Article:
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Complex PPACA tax could benefit life insurance industry

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There may be a boon in the Patient Protection and Affordable Care Act (PPACA) for the life insurance industry due to complexities for taxpayers under a new investment tax within it.

Whole life insurance policies –in fact, all insurance products including universal life policies, that provide for a tax free build up of cash surrender values –could become very attractive to investors, while annuities  will likely be used more extensively under a tax mechanism in the health care reform law, according to the Congressional testimony of a tax academic today in Congress and a post-publication later clarification to NU that expanded the advantaged products beyond just whole life products.

Retirement accounts may also get a boon from the new tax, according to today’s testimony

David Kautter, managing director of the nonpartisan Kogod Tax Center, of the American University’s Kogod School of Business, testified before the Subcommittee on Oversight of the Committee on Ways and Means on the tax provisions contained in PPACA.

The reason is the inside build up in the insurance products is neither included in Modified Adjusted Gross Income (MAGI) nor is it Net Investment Income (NII) subject to the 3.8 percent tax in the PPACA. In addition, death benefits are not included in MAGI nor is the NII  subject to the tax either. Thus, life products with inside build up could now be  more advantageous under the tax peculiarities of the PPACA compared to investments in dividend paying stocks and stocks that generate capital gains, according to Kautter.

Kautter, a former director of national tax for Ernst & Young, was speaking of an expectation of changing taxpayer behavior to deal with the NII.

Kautter focused his testimony on what he said were two of the most significant provisions in the Act on revenue and reach, the new Medicare tax on wages and the 3.8 percent tax on NII. 

From a tax planning perspective, taxpayers will be focused on simultaneously managing two entirely new calculations in the Internal Revenue Code, he said. They are:

  1. The MAGI or “threshold planning;” and
  2. The NII. 

The rate of the 3.8 percent tax is the lesser of an individual’s investment income for the taxable year or the excess of the MAGI over the threshold amount, which varies on income and status.

Trying to comply and work with the more complex implications of the NII could take hundreds of thousands of hours on the part of American taxpayers, Kautter predicts. 

For starters, if a taxpayer will likely be under the threshold in a particular year, planning will focus on increasing NII to utilize the full amount of the threshold.

If a taxpayer will likely be over the threshold, planning will focus on minimizing NII for that year, he explained. 

Thus, investments in whole life and municipal bonds that not only do not count in MAGI but do not count as NII will become very attractive, Kautter stated to the panel. 

Retirement planning will also take on new scrutiny under the NII tax, he said. 

Distributions from retirement vehicles such as qualified retirement plans and IRAs are excluded from the definition of NII and will become more attractive, Kautter added.

Also, the news may be good for employees with retirement accounts: Some smaller employers and others may be more inclined to contribute more to plans in certain years to reduce MAGI on the year of contribution and receive distributions in a way to minimize the amount of NII subject to tax in a later year, he said.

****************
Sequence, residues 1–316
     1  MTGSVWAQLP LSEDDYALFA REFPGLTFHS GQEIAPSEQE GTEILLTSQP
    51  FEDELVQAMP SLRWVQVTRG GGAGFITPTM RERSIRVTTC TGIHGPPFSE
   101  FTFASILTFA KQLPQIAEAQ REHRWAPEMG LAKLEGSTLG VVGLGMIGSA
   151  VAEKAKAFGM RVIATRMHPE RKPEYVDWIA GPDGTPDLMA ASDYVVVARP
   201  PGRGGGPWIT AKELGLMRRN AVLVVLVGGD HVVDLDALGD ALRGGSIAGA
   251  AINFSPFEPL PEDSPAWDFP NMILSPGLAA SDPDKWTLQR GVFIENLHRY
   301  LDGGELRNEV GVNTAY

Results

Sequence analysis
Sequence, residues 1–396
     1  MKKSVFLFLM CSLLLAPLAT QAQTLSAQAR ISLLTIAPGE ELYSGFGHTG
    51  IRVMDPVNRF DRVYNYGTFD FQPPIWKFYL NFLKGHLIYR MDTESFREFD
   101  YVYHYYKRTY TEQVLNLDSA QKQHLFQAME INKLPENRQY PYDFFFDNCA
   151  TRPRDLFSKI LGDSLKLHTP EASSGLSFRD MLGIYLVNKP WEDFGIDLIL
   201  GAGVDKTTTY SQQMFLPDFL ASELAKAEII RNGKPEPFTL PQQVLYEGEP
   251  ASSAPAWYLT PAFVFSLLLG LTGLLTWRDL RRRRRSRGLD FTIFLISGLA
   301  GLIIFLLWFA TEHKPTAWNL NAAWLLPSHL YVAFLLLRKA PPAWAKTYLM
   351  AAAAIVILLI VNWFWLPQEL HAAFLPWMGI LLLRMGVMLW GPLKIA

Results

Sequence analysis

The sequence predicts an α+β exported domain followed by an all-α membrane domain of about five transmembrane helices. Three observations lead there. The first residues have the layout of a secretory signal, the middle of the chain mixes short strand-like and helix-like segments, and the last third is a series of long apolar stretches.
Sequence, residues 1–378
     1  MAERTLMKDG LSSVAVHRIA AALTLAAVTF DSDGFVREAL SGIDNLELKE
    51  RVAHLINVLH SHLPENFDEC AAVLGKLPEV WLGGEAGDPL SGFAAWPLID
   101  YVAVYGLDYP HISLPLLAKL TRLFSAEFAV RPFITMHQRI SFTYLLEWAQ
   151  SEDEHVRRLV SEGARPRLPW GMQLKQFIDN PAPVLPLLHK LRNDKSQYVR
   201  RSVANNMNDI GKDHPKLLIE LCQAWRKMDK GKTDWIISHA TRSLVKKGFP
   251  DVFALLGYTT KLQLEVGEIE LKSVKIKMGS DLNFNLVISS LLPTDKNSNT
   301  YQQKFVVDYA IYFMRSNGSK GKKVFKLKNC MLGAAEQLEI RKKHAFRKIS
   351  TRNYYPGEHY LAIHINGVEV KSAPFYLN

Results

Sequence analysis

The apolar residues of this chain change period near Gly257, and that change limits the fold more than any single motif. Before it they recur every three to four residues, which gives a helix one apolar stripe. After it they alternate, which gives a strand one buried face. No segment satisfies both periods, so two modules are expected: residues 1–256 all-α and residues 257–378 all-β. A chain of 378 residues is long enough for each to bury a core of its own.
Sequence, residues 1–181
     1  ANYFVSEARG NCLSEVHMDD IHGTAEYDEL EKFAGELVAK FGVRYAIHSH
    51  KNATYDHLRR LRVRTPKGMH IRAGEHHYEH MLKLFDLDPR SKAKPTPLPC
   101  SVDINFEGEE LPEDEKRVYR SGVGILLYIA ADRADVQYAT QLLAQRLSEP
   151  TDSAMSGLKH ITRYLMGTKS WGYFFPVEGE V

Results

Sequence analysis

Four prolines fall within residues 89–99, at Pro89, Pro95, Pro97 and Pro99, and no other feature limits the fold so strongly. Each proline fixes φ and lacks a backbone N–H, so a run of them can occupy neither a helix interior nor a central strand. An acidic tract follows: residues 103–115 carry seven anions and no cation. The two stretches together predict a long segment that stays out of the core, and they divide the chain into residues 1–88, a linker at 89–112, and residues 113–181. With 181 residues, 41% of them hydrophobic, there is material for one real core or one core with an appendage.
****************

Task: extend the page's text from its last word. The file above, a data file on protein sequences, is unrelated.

Investments that defer inclusion in MAGI for extended periods of times will likely be used more extensively, he said, specifically annuities and growth stocks. 

With all of this tax change, capital gains planning will take on more importance.

For example, timing the recognition of capital gains will allow taxpayers to control both their MAGI and the NII, while matching capital gains with capital losses will also take on greater importance he said.

Taxpayers may use the installment method of accounting to allow them to avoid large spikes in MAGI in the year of the same and also allow them to better control the amount of NII realized each year thereafter, he stated.

“The President’s health care law imposes a number of new taxes and reporting requirements on individuals and various industries – and many of those tax hikes hit the middle class,” said panel Chairman Dr. Charles Boustany, R-La., in announcing the hearing. “As the committee moves forward with comprehensive tax reform, it is imperative that we examine the law’s tax provisions and consider their impact on the administration of the tax code as well as on individuals, families and employers.”

According to the Government Accountability Office (GAO), PPACA contains 47 tax or tax-related provisions, according to Ways and Means.

Estimates by the Congressional Budget Office (CBO) and the Joint Committee on Taxation (JCT) confirm that tax increases associated with the law total more than $1 trillion over the next 10 years. Many of these provisions are already in effect, and others will become effective in 2014. Key provisions include:

  • A tax on medical device and drug manufacturers, and health insurers;
  • A tax on individuals and families who do not purchase government-mandated health insurance;
  • A tax on employers who do not offer government-mandated health insurance;
  • Additional Medicare taxes; and
  • Taxes on investment income

This article included post-publication input by David Kautter to expand his testimony as written beyond whole life to include other  life policies with tax free inside build up of cash surrender values as advantageous on the new tax environment set forth by the PPACA.